After almost two years in the vaults, Portuguese director Afonso Poyart’s English language debut is finally seeing the light of day and, though by no means original or particularly clever, Solace is undeniably enjoyable.
At one point intended to be a sequel to David Fincher’s Se7en, Solace starts out as a fairly typical crime thriller. Agents Joe Merriweather and Katherine Cowels are met with an apparently unsolvable string of murders: no evidence, all killed painlessly with no apparent links between them. Stumped, Joe turns to John Clancy, an old friend and ex-consultant for the FBI. Clancy, a psychic – though he insists it’s all intuition and some quirk of quantum theory that gifts him with visions – isn’t thrilled, but the case intrigues him and he rather reluctantly agrees to help them.
The story is fairly straightforward and easy to read from there, though there are a few surprises thrown into mix. For the most part Solace is completely gripping, not as focused on gore or action and a touch lighter than the relentlessly dark thrillers being churned out nowadays. And like most stories with an interesting premise, the film gets bogged down in overly-obvious symbolism and over-explanation.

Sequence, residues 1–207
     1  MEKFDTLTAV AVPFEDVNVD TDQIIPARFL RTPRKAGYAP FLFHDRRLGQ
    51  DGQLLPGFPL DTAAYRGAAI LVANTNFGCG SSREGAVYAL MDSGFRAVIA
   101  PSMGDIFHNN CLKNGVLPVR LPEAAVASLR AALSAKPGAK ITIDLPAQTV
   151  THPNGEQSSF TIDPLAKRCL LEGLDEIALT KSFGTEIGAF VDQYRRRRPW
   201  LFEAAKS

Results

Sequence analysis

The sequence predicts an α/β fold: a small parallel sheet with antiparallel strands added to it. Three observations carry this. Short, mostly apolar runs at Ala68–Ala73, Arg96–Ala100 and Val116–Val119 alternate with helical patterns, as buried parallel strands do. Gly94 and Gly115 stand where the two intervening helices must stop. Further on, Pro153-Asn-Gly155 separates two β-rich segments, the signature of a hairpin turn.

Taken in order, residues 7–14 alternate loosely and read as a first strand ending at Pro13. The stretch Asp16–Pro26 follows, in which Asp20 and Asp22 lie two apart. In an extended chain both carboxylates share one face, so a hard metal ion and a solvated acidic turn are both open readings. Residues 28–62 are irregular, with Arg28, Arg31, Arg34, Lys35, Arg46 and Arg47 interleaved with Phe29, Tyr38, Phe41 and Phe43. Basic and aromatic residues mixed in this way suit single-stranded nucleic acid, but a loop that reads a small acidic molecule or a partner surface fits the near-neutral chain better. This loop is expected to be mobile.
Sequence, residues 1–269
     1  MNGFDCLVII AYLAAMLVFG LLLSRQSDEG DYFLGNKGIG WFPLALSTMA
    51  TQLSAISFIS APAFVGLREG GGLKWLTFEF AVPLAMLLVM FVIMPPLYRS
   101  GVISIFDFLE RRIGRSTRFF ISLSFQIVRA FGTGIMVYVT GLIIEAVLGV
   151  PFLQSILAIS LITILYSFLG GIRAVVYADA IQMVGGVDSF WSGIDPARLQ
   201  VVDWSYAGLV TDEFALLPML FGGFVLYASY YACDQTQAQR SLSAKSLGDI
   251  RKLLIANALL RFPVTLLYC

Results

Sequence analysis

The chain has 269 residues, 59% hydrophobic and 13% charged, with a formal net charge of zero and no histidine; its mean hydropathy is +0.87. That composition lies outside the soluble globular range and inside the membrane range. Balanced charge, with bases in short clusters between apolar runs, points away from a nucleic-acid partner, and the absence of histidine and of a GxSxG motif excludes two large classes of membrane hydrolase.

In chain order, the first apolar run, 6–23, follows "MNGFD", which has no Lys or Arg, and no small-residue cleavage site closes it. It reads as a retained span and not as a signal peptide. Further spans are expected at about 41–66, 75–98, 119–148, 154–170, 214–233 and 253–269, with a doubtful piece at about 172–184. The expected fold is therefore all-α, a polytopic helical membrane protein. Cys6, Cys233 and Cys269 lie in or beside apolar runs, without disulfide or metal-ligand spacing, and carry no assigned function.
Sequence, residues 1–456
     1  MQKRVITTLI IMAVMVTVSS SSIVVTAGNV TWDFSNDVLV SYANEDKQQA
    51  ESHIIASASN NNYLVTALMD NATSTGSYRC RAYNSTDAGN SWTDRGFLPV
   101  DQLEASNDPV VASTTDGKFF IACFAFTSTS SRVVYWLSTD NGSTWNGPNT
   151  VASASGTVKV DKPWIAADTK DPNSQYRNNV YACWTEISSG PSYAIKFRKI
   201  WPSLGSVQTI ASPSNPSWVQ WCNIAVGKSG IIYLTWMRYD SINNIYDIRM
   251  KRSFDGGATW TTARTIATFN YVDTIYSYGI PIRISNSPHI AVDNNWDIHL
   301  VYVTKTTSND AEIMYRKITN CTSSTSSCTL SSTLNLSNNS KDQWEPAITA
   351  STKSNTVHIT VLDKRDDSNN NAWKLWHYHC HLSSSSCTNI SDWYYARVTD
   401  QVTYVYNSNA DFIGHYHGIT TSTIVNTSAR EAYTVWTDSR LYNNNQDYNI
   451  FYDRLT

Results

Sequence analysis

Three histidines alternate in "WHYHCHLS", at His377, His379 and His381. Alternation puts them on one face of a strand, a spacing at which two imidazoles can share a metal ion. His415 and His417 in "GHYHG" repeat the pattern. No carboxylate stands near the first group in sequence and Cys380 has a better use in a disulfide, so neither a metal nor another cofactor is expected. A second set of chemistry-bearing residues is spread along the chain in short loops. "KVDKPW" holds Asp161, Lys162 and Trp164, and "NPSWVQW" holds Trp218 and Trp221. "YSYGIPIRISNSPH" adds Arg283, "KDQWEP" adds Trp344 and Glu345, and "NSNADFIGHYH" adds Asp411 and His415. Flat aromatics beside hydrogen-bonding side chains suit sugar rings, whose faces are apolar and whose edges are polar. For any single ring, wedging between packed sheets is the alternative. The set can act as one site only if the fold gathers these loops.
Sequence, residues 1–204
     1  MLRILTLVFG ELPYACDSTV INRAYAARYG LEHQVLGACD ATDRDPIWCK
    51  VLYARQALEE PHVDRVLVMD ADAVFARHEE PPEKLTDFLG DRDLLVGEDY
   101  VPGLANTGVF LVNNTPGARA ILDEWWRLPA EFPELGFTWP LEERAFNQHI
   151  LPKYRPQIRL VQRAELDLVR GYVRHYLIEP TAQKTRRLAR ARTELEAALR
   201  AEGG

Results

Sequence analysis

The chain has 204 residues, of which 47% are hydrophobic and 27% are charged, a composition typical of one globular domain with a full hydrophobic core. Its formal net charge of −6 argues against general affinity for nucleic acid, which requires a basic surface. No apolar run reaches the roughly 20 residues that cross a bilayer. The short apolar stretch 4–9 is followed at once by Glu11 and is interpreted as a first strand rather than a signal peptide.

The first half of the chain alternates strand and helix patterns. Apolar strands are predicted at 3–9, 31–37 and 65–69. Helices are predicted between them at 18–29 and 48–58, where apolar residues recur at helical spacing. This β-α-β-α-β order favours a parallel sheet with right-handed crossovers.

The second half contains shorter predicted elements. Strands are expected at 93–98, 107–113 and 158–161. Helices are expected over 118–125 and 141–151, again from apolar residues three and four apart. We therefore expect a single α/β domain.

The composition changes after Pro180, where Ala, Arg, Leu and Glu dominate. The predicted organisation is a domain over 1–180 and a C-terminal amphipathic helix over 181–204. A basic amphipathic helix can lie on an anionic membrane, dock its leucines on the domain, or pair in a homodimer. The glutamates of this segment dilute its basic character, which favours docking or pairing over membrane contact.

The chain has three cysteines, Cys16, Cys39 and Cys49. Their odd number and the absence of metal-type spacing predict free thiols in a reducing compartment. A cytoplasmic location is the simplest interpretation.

But what Solace lacks in originality it more than makes up with the cast and characters. Though Anthony Hopkins’ John is a well-worn cliché (the jaded ex-investigator, recently bereaved, dragged back in for one last case) his performance keeps it from being too dull. Jeffrey Dean Morgan’s happily married Joe is a breath of fresh air after the onslaught of lone wolf types that have dominated the genre recently, and relatively unknown Abbie Cornish holds her own well.
All in all, it’s a strong debut – even if there are a few sequences that feel more like snippets from high budget adverts than a dark thriller – that comes to an oddly thought-provoking and sharply relevant conclusion.